Swint's other principal argument is that the government breached the plea agreement by failing to inform the district court at sentencing of the "full nature and extent" of his cooperation with the government's investigation. This argument is also meritless.
The plea agreement provides that the government "will inform the sentencing judge and the U.S. Probation Office of . . . the full nature and extent of Swint's cooperation with this Office and when such cooperation commenced." Swint contends that the government breached this obligation in that its provision of the details of Swint's cooperation to the district court was too little and too late: too little because the government allegedly did not state everything Swint did in his cooperation, and too late because the government did not relay the details of Swint's cooperation to the district court until after the court had decided to depart upward based on Swint's criminal history. It is Swint's belief that the district court should have heard all the details of Swint's cooperation while it considered whether to depart upward based on his admitted "egregious" his criminal history, and that therefore Swint's substantial cooperation would have balanced out his criminal history and foreclosed the upward departure.
We do not believe that the government was either too little or too late in its description of Swint's cooperation. First, Swint does not provide anything other than conclusory allegations to explain how the Government's description of his cooperation was, as he asserts, "understated and incomplete." Before the district court, the government offered a lengthy description of Swint's cooperation activities; this description takes up several pages of the hearing transcript, and would appear to satisfy any notion of a "full" and detailed chronology. Second, Swint does not explain why (or how) the government breached the agreement by offering its description at a time he characterizes as "unduly late" in the hearing. The most obvious weakness to Swint's argument is that there is no provision in the agreement dictating when the government must provide this information to the court; presumably it must only do so before the district court pronounces the sentence.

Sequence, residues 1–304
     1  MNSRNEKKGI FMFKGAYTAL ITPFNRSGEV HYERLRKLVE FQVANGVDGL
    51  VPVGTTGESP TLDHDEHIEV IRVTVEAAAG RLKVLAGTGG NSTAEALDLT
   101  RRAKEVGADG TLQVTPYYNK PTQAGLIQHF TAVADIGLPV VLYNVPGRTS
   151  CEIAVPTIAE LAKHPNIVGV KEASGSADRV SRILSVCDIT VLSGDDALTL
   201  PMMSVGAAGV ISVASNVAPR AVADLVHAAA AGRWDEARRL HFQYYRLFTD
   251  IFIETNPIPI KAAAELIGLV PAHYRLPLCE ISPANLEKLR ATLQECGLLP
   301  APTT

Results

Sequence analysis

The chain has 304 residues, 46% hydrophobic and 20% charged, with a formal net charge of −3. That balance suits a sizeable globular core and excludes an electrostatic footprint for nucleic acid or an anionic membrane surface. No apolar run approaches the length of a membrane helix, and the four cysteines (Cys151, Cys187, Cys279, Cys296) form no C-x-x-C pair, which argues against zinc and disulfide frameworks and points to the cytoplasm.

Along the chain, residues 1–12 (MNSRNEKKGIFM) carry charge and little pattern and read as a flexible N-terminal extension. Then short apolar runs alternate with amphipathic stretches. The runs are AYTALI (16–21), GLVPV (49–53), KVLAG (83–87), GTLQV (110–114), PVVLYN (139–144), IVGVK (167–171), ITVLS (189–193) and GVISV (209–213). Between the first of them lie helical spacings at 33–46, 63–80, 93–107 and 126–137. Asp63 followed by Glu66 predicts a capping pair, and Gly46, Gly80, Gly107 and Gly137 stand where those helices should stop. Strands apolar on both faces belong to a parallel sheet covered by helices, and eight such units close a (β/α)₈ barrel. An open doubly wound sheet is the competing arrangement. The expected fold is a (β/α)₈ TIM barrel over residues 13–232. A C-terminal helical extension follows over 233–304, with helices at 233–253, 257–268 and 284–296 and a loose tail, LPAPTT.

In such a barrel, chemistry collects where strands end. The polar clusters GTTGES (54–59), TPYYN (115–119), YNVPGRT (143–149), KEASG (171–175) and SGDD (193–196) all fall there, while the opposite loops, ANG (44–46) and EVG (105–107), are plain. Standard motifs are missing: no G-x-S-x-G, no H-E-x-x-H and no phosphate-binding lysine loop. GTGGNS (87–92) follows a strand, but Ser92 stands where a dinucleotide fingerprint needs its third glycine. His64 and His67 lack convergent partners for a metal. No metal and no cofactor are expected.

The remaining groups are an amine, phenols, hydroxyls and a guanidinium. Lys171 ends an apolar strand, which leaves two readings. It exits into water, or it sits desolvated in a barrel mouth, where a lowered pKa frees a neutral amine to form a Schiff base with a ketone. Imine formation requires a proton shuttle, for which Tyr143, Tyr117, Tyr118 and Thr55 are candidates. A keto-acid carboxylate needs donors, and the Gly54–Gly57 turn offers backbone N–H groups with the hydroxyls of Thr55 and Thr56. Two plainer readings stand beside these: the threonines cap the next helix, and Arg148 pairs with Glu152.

Moreover, as the government points out, even if it had chronicled all the details of Swint's cooperative efforts before the district court decided to depart upward based on Swint's criminal history, these efforts have no relevance to a district court's decision whether to depart, upward or downward, based on criminal history. Section 4A1.3 of the Sentencing Guidelines discusses only departures based on the under or over-representation of criminal history scores; it nowhere suggests that a defendant's subsequent cooperation in any way wipes out his prior criminal record. This Court has observed that once a district court has determined that a departure based on criminal history is warranted, it should then consider a defendant's cooperation with the government when sentencing within the new range. See United States v. Bruno, 897 F.2d 691, 693 (3d Cir. 1990). The district court retains discretion, however, "as to whether to give effect to that cooperation." Bruno, 897 F.2d at 693.
Bruno does not support Swint's contention that the district court was required to have considered his cooperation (and therefore had the full account of it from the government) before deciding to depart upward. Instead, it merely confirms that the district court acted within its discretion when, after determining that an upward departure was appropriate, it considered Swint's cooperation and sentenced him within the new range. That is what the district court did in this case. At sentencing, the district court stated that "I find that an upward departure of Mr. Swint's category is absolutely warranted" due to his thirty-year criminal history, and then began to determine what new level was appropriate. As it did so, the district court stated that "in considering what level in the Guidelines table adequately reflects the defendant's criminal history, I have considered the defendant's cooperation with the Government." Later, the government provided its lengthy narrative about Swint's cooperation to the district court and requested that the court sentence Swint to the lower half of the new range. The district court agreed and sentenced Swint to seventy months' imprisonment. The district court appropriately exercised its discretion in weighing Swint's cooperation in the context of the new sentencing range, and had the benefit of the government's description of Swint's cooperation to do so. In sum, we find that the government did not breach the plea agreement and in fact gave Swint the benefit of his bargain.